Harris is originally from Germany, she said. at is where she met her husband, who was in the U.S. military.
She understands how nice it is for military personnel to know that someone from back home is thinking of them during the holidays.
Community support she
has received from people donating fabric and extra material to make the stockings is overwhelming, she said.
It is almost impossible to a ord fabric to make hundreds of stockings, she said.
“I will have to say, I am not bashful to hit you up for Christmas fabric,” Harris
Anyone who wants to donate material can take it to Greenville Vacuum and Sewing on 1912 E. Fire Tower Road or Packs for Patriots at 249-J ird St.
“My favorite part is knowing I made somebody’s Christmas,” Harris said.
Whitehead, third from right, has a personal tie to the military. “I’m the mom of two soldiers, one soldier and one veteran now. And I know the impact that cards and letters from home or a touch of home means to them when they are so far away, especially if they are in a dangerous area.” Contributed photos
Employee spotlight: Joanne Floyd
In her second year with the town, Ayden nance director balances the booksBy Donna Marie Williams
Ayden’s nance director will celebrate two years with the town in January, but when she joined the sta in 2021, Joanne Floyd brought more than 20 years of experience to the job.
A former town manager for Plymouth, she started her career at the Washington County town as a temp a er moving from Pensacola, Florida, to nearby Williamston.
ough the beginning of her career was modest, she lled it with commitment, dedication, long hours, and hard work, she said.
“I applied at a temp agency. It was a choice between the Town of Plymouth and Weyerhaeuser. I chose the town of Plymouth and was fortunate to start my career as a temporary customer service
clerk. I was hired full-time in September 1998,” Floyd said.
From there, Floyd worked her way into better positions. She received her tax collector certi cation then earned her certi cation for municipal clerk from the state of North Carolina. e certi cations allowed her to transition into a nance and town clerk position and later as the town’s manager.
“My mom was an accountant. I had been around it all my life. My sister went to school to be an accountant too. It just fell in my lap,” Floyd said.
During her time with Plymouth, Floyd was named as interim town manager on a half dozen occasions and she accumulated about eight years of town manager experience.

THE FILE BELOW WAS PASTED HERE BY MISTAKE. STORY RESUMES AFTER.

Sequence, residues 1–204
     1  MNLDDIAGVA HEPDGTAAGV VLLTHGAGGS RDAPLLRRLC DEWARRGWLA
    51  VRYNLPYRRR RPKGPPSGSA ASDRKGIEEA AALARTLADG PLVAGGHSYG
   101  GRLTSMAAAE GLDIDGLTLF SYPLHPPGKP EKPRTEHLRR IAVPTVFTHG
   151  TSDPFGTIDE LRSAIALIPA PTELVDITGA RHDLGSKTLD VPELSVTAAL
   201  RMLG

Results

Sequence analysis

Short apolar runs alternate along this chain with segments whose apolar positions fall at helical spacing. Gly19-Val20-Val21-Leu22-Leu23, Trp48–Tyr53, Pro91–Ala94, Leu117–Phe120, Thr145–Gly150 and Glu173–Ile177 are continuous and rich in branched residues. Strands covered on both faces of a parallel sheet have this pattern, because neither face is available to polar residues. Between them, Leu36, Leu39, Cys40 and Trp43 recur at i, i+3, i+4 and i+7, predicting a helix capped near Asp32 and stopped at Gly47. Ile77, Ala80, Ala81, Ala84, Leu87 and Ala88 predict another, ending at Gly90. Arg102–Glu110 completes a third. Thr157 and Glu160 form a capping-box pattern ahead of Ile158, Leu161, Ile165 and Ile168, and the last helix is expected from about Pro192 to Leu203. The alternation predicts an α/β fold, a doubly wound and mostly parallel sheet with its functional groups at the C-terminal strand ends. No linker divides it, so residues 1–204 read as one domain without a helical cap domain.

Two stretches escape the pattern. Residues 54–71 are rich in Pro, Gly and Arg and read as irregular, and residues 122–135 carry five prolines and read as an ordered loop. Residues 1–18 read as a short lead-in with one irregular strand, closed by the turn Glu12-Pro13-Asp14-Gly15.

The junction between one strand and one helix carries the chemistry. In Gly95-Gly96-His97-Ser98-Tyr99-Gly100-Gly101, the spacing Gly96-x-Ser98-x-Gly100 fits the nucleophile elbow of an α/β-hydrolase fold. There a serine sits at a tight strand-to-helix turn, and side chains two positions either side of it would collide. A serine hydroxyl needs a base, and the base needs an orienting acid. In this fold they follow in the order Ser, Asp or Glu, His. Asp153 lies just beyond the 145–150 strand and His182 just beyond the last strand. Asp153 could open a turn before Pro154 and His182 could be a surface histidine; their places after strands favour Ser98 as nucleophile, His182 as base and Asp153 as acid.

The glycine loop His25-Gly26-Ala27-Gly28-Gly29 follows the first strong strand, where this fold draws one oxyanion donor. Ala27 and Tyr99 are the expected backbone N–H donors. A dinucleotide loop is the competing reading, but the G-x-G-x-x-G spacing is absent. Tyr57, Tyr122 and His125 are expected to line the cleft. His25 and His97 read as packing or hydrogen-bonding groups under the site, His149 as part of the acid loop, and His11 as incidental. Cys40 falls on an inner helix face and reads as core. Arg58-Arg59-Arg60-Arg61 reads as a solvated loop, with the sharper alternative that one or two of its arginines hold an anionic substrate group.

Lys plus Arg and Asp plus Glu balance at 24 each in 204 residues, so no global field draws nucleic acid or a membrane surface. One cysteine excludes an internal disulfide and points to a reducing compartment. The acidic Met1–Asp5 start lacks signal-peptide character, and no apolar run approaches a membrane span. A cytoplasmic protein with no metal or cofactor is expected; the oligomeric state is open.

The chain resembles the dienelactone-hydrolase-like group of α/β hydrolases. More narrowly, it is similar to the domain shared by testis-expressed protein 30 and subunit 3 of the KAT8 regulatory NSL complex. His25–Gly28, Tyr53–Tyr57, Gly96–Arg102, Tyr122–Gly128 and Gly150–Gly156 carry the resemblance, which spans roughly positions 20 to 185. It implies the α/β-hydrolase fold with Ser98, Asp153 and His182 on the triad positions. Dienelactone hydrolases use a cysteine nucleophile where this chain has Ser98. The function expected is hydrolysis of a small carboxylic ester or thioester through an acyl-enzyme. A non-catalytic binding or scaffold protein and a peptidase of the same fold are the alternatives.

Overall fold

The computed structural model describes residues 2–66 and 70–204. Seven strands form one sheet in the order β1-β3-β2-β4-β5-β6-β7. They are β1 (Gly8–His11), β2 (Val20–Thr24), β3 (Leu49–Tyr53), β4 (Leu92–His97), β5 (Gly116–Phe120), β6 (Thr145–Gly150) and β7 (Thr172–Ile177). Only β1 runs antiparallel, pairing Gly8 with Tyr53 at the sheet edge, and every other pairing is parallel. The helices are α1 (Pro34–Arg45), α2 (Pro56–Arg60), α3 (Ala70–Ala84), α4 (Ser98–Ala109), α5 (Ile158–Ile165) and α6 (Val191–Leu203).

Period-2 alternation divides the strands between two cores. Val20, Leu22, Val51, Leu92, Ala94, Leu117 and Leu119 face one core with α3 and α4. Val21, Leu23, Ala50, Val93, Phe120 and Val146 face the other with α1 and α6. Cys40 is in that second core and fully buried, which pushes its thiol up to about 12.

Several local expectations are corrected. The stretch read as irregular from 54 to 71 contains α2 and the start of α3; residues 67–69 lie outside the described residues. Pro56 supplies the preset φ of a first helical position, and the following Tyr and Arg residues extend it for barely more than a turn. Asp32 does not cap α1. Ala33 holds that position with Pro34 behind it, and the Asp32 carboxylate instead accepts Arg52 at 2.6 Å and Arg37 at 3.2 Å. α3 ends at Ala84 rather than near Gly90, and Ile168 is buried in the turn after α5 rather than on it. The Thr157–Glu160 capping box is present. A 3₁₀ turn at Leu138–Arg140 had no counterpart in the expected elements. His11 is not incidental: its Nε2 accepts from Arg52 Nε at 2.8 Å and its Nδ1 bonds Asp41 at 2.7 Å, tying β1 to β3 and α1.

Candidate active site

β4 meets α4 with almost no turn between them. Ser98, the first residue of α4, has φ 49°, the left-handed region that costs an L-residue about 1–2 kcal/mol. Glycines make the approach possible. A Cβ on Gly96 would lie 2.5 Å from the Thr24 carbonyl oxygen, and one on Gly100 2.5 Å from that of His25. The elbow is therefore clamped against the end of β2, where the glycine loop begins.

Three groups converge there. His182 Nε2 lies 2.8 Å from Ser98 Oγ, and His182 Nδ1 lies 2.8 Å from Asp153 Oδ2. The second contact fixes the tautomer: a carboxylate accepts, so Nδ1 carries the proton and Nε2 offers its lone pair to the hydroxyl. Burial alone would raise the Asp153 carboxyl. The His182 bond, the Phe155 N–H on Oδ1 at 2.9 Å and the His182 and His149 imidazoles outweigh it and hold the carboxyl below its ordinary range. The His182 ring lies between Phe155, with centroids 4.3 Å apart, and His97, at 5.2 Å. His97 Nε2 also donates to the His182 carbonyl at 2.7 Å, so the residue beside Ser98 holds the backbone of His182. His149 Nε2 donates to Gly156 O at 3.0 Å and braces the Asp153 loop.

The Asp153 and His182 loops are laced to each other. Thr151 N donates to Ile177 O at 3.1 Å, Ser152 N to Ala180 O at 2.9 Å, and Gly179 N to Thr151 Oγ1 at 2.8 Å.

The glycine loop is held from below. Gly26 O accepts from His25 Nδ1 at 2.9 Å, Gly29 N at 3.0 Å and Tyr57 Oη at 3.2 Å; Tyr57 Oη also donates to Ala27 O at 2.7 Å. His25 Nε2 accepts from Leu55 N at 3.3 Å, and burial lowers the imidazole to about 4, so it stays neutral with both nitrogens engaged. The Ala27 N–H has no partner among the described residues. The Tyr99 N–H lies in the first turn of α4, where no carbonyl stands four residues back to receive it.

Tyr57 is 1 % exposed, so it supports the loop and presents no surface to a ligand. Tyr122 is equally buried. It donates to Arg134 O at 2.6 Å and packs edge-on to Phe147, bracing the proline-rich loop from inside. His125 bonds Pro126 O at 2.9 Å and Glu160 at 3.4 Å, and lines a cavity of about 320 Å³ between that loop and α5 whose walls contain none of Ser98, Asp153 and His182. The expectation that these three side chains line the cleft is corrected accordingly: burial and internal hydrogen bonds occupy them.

She ultimately was promoted to the
position on a full-time basis and spent two years in the role before transitioning.
ings happened and I was able to move from position to position. I was able to gain all this experience with it,” Floyd said.
She with the town 22 years. She was recruited to come to Ayden by former town manager Matthew Livingston.
Livingston and Floyd had worked together closely while Livingston was the interim town manager of Plymouth.
“He told me about the job opening. I applied and got it,” Floyd said.
Floyd is thankful for her time and all the experience she garnered while working with Plymouth, she said.
In January 2021, Floyd accepted the job as the town of Ayden’s sta accountant. Her duties included assisting the
nance director, overseeing the daily duties of the town’s customer service clerk as well as performing daily duties needed for proper nancial operations.
She was also responsible for reviewing the budget, helping with audits and assisting with ac counts payables among other duties. She said the change has been good.
“I had been with the town of Plymouth from the time I started my career. I wanted to branch out and have more experience,” she said.
When she rst came to Ayden, Floyd went straight to work and joined other sta members who were working to clear away backlogs created when the town was unable to ll roles in its accounting department.
“ is position had some challenges, but we worked hard solving those problems,” Floyd said.
Transitioning from Plym-
outh to Ayden also presented unique challenges, Floyd said.